This is a post about birds.
The guests I have been hosting lately have had a heightened interest in them, making Rob Hlatswayo (the tracker I work with) and me very happy! I am constantly reminded about how exciting, dynamic and interesting bird life is.
Here’s an example; this morning I watched an African Harrier-Hawk (a fairly large bird of prey) navigate a dead Leadwood tree to find the hatchlings of a hornbill. He/she (the harrier-hawk) picked away the mud that covered the hole of the hornbill nest with its beak then stuck its featherless legs right up into the nest and grabbed a chick! Throughout this scene, the harrier-hawk was getting mobbed by a flock of starlings and the parent pair of hornbills. The successful raptor clasped the chick in its talons and flew off, leaving only a feather dancing around in the breeze behind it.
This is just one of the incredible behaviours and sightings happening each day in the bush.
This is an appreciation post about birds and their incredible lives they lead, most of which goes unseen by us…
A pearl-spotted owlet takes a little bee-eater. The owlet is only about 20cm tall and 100g in weight, yet we find it preying on impressively large animals for its size. A fellow-guide once told me that he saw an owlet with a hornbill in its talons, and another guide saw one take a grey go-away-bird. These birds are twice the owlet’s size! Owls are impressive hunters, to say the least.
A male village weaver hangs onto the bottom of its nest, displaying. The male will weave the nest – which takes him about 12 hours – and then display his striking plumage to attract a female. However, if the female weaver does not approve of the nest, he will have to tear it down and rebuild it. Each male will build between three and five nests.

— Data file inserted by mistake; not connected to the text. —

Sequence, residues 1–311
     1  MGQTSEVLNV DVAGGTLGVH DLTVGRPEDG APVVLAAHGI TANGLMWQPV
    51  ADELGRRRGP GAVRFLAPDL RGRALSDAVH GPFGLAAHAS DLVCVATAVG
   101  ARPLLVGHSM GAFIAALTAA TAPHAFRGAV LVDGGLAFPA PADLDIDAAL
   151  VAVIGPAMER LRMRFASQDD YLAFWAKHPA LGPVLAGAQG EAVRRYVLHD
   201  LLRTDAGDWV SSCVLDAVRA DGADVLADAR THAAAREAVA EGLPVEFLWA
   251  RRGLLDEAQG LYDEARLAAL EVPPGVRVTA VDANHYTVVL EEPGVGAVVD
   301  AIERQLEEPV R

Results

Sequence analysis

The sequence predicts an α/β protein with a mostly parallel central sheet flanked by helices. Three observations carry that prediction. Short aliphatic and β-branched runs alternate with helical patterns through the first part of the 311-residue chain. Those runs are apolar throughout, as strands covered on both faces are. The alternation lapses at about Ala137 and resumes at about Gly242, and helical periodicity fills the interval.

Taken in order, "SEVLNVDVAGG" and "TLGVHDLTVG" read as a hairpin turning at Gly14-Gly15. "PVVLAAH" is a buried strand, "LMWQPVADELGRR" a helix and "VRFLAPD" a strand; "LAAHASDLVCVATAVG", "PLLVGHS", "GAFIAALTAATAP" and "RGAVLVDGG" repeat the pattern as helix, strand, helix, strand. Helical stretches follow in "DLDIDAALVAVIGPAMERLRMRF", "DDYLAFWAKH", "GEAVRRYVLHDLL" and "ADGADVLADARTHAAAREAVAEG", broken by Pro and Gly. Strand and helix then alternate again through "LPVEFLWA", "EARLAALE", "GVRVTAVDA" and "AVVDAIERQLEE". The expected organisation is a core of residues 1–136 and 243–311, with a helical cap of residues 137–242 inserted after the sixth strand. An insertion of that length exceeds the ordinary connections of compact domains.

Yellow-billed oxpeckers have a striking yellow bill, as you can see. These beautiful birds are rarer than red-billed oxpeckers. Most of the times I have seen the yellow-billed variety they have been on the backs of buffalo but they can also be found on kudu, giraffe, rhinos, zebra and hippo. They feed on ticks and other ectoparasites on the bodies of these large mammals. They also eat/drink blood from open wounds on the animals.
A mighty lappet-faced vulture decides on where best to pull meat from a male impala carcass. We believe the impala died naturally. There were seventy vultures at this carcass before the lappet-faced vulture arrived. The carcass was almost finished. The significantly bigger lappet-faced landed and all the other vultures stepped aside for this powerful bird to feed. They are like the lions of the vulture world; the top of the hierarchy. They weigh almost 7kg, they’re a meter tall and have a wingspan of 2.8m!
Hamerkop, meaning ‘hammer head’ in the Afrikaans language, describes the clear head shape of this bird. Most of this bird’s diet is made of up frogs but they will also eat fish and insects. This species make a huge nest about two meters in length and width!
A male coqui francolin calls from a perch on a termite mound. This call is to advertise territory. He was really giving it all he had, calling with such determination. These francolin are one of the herder-to-see francolins in this area. In this photo the male’s nictitating membrane covering his eye, giving it a cloudy blue appearance.
A green-backed heron waits patiently for fish to jump upwards toward it. The crafty, agile and patient green-backed heron hunts waterways and can move in thick riverine areas to find food. They are very patient and will strike out with incredible speed, elongating their necks like a coiled spring.
Birds, birds, birds! If you let them, these wonderful creatures will add so much value to your safari. Open your eyes to the incredible birdlife around you and make sure that you do more than just tick off the species on your list. Watch what they are doing because their behaviour is fascinating.